“Ah, so that bit was true.”

Claire takes the long way back to the cottage, crossing over the wooded dell to take the hillside path. A weak sun is barely visible. It is early afternoon and yet the sullen light makes it feel like evening.

She sees the blue car as she turns into the lane. Roger Williams is waiting outside her cottage.

Claire stops, her heart leaping in her chest.

The car window is open. Claire backs slowly, intent on getting out of sight but, at that moment, he turns his head.

“Hello there,” he calls.

She takes a long breath, tries to smile.

“Hi. Thought you’d left.”

“Just wanted to see if you’d found out anything about Angela.”

He watches her carefully. The blue eyes are opaque glass.

“No. Sorry.” Her voice is bright. “I found a place that used to be a shelter. It’s closed now. Might be one in Shrewsbury. It’s possible she’s using a false name, too, you know.”

He sighs, disappointed.

“Well, thanks for trying.”

“Sorry. You’re all set to go?”

“Yes. Maybe time for a coffee, though, before I hit the road?”

Claire swallows hard. For Angela’s sake, she must act as if she has no idea, she must not treat him differently from the way she treated him yesterday.

Act! she tells herself sternly. Play the damn part.

“Of course,” she says. “Come on in.”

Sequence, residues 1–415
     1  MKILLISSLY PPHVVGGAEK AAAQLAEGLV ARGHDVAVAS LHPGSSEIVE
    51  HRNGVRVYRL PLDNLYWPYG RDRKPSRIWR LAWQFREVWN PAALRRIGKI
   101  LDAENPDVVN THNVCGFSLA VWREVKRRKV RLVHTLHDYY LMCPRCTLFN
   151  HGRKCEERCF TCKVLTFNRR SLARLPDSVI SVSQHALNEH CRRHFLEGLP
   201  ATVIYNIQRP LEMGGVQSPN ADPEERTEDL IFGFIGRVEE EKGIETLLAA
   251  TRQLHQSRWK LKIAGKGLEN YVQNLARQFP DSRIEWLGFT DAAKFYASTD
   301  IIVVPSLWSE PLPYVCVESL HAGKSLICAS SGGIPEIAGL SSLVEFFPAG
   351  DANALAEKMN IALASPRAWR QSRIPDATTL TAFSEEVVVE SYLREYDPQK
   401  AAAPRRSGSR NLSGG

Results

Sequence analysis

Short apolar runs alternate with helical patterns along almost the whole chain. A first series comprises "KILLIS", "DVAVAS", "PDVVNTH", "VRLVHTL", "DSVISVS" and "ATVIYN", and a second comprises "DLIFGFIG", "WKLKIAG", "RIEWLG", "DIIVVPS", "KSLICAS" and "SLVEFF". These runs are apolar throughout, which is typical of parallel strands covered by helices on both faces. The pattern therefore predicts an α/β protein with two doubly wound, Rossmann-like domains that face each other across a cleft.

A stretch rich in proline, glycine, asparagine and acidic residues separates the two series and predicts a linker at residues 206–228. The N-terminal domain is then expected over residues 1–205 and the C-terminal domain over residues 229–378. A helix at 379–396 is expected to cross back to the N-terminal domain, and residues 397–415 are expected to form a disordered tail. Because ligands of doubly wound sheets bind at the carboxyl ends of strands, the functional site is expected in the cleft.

She puts the kettle on, clanging the mugs together clumsily as he leans against the counter watching her. A fine trembling begins at her fingertips.

“So, you’re off to Dubai tonight?” she asks. As the words leave her lips she feels a moment of blind panic. Had he told her about Dubai? Or had Angela?

She grips the counter tightly, waiting for his response.

He takes a long time to reply.

“On my way to the airport now.”

Relieved, she moves the cups forward and they rattle noisily in her hands.

He is standing beside her. He is too close.

She moves back so swiftly that her elbow bangs the counter.

“Hey, there, I didn’t mean to startle you.”

She laughs, lifts her hands in mock despair.

“Always clumsy,” she says. “And I have a lot on my mind. Plans to make.”’

“Back to Los Angeles?”

“Yes,” she says with such conviction that she surprises herself. “There’s a part I’ve decided I want to audition for.”

“Good for you.”

“And,” she hands him coffee, “I’m afraid I must call California in a few minutes’ time.”

“Of course. Look I’m grateful to you for trying to help,” he says.

His voice is soft and warm and she is thrown off balance for a moment. If you did not know – you would never know. He seems like a gentle character.

“No problem. But I’ll have to hurry you, I’m afraid,” she says.

He remains in place, his eyes still on her face.

“You want me to go?”

“Afraid so.”

At the door, she smiles and waves as he drives away, watching until he reaches the end of the street. To join the motorway that leads to the airport he must turn left; if he intends to go to the shelter again, he will turn right.

She waits, rigid with fear, as the car slows at the crossroads.

Finally, the indicator light flashes. He turns left.

Claire lets out a long breath, relief swamping her. Angela is safe.

She closes the door, leans back against it. Roger Williams was entirely convinced by her bravura performance. Harry would have been so proud of her.

She reaches for the phone to call the airline. She has four days before the audition and she feels, for the first time in a long time, the tingle of nerves, of anticipation, of hope.